Graduate School-Third Year Timeline

Fall Semester

  • Elected Secretary of the Health and Wellness Committee of the Asian Festival
  • Began serving as a Graduate Teaching Assistant for the College of Public Health
  • Began serving as a Graduate Research Assistant for Dr. Julianna Nemeth
  • Presented “The Write Stuff,” a journaling and writing-based workshop
  • Won the Karen H. Evans Memorial Scholarship from Ohio Society for Public Health Education (SOPHE)
  • Presented “Mental Health Stigma: What it is and how do we handle it” breakout session at the 8th Ohio Asian American Health Conference
  • Guest lectured on “Culture and Inequity in Psychology” for an upper-level undergraduate/graduate course (Psychology 5681, Fall 2019)
  • Served as an advisor/staff mentor for the 2019 MUNDO Winter Break trip: Demolishing Preconceptions

Spring Semester

  • Presented “A Beginner’s Guide to Cooking” workshop at the Helpful Tips and Chicken Strips Event
  • Presented an hour long talk about AAPI Mental Health at the APAMSA Region V Conference 2020 (and was the youngest speaker there)
  • Guest lectured (Community Organizing and Social Marketing) in PUBHHBP 3510, Spring 2020

Summer Semester

  • Created and currently leading the inaugural Asian Festival Health and Wellness (AFHW) internship program
  • Presented “Breaking the Cycle of Stigma” with the Asian Community Alliance on May 14th, 2020, 6:30-7:30pm
  • Created recommendations for COVID-19 policies and funding for the governor’s office and public health agencies through serving as on an expert member checking committee for the COVID in Ohio Vulnerable Populations Needs Assessment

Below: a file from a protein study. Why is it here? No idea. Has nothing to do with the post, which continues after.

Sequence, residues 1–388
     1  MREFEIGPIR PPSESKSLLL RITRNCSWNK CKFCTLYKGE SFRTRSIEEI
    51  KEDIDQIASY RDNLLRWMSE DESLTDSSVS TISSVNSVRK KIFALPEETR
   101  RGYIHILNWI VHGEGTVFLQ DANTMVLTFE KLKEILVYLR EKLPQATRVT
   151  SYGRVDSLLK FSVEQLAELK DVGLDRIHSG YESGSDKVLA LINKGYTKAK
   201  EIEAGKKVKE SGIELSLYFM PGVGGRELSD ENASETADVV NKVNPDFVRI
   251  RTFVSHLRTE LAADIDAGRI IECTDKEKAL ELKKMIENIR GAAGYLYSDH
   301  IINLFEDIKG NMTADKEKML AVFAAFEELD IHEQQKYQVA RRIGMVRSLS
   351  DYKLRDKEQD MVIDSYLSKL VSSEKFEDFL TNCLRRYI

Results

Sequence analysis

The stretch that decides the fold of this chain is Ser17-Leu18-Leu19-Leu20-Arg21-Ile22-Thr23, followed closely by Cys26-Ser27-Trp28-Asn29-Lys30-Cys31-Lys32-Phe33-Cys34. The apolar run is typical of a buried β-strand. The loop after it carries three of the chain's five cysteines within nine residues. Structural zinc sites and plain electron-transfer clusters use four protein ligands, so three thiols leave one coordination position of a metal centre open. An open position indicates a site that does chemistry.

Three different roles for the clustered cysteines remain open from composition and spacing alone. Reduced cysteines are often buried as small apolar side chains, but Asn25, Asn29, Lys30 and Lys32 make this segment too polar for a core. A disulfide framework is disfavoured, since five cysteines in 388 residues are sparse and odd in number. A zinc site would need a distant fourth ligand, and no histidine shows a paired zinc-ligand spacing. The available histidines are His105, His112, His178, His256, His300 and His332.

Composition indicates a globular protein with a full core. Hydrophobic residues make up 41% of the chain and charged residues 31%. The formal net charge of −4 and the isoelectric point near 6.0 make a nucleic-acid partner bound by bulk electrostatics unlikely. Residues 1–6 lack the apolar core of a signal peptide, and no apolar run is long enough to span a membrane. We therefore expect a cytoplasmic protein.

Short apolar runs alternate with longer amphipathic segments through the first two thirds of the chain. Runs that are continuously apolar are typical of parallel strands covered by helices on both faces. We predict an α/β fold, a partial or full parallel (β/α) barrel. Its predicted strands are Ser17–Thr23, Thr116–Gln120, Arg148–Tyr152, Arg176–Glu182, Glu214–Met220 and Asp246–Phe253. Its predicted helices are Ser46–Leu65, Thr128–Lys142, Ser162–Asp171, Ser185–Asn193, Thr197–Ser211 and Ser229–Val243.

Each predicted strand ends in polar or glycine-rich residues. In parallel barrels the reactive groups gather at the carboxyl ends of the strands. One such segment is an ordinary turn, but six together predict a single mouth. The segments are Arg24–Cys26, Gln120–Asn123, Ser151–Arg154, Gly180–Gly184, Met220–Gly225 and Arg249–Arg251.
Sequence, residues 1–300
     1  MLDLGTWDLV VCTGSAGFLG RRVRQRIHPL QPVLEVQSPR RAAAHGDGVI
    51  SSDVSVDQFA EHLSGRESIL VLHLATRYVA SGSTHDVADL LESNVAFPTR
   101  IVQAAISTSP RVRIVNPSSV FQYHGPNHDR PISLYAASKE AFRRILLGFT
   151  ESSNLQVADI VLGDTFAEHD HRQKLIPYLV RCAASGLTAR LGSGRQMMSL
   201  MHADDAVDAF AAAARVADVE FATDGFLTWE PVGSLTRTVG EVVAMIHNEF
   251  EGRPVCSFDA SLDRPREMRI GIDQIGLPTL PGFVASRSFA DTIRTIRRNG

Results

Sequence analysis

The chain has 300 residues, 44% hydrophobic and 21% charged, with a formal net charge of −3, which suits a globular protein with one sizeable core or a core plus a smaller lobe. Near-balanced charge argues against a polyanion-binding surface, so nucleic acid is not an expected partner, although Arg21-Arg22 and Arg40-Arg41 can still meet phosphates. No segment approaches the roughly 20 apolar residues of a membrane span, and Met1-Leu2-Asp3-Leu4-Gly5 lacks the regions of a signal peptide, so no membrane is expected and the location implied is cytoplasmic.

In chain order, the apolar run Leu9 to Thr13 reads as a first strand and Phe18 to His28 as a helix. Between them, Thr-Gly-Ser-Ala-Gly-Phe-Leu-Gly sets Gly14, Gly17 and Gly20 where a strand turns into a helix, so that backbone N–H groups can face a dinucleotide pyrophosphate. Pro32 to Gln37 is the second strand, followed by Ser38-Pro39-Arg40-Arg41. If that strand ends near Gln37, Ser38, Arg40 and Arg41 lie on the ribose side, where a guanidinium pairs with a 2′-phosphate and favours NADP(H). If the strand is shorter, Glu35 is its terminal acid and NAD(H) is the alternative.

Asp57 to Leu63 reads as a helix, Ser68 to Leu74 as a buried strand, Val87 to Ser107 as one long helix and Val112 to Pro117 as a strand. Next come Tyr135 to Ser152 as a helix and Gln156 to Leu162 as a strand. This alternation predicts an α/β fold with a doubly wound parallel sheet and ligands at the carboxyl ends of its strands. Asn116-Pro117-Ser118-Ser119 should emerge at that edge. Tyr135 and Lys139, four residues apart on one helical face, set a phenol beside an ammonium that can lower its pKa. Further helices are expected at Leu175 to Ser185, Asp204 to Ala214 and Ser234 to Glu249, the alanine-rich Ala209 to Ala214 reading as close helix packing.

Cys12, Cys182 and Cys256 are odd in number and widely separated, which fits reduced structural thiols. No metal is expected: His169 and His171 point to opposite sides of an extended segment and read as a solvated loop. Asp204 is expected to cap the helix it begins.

• Served as a Filipino community liaison to create and disseminate COVID-19 information to Ohio Filipino communities
  • Advised high school and college youth about policy advocacy at CLUSA’s Young Leaders for American Summit 2020
  • Began mentoring the COVID-19 Healthcare and Equity cohort for AAPI youth (curriculum designed by me)

Graduate School-Second Year Timeline

Fall Semester

  • Attended the 4th Annual Public Health Advocacy Workshop: Building a Road Map to Improve Mental Health through Advocacy
  • Became a Program Administrator for Ohio Asian American Health Committee (OAAHC)
  • Serve on OAAHC’s Butterfly Dash for Lupus planning committee
  • Attend Asian Festival Retreat
  • Served on the Future Health Professionals Learning Community Panel
  • Became the Co-Chair of the Asian Festival Volunteer Committee
  • Led a service-learning trip to Puerto Rico with MUNDO  as a Staff Mentor

Spring Semester

  • Awarded Ohio State’s College of Public Health MPH Culminating Project Grant
  • Helped introduce the speaker, Dr. Ruchika Prakash, at Women and Philanthropy’s “Women and Brain Health” event
  • Lead the MUNDO “Who Tells Your Story” Spring break trip to Williamsburg, DC, and Baltimore
  • Nominated for the College of Public Health Student Choice Award
  • Held my first workshop with OAAHC, “Introduction to Mental Health: Destigmatization and Advocacy,” for Minority Health Month
  • Passed my MPH Culminating Exam
  • Assisted with Wat Buddha Samakidham Temple Screenings
  • Helped organize and attended Mental Health First Aid training
  • Facilitated the Central Ohio Lupus Summit
  • Graduated from The Ohio State University with a Masters in Public Health


  • Ran the Asian Festival’s Health Registration Volunteer program
  • Appointed Volunteer Coordinator for Health and Wellness Committee of the Asian Festival

Graduate School-First Year Timeline

Fall Semester

  • Started graduate school in the College of Public Health, Health Behavior Health Promotion program at The Ohio State University
  • Became a Staff Mentor for MUNDO at OSU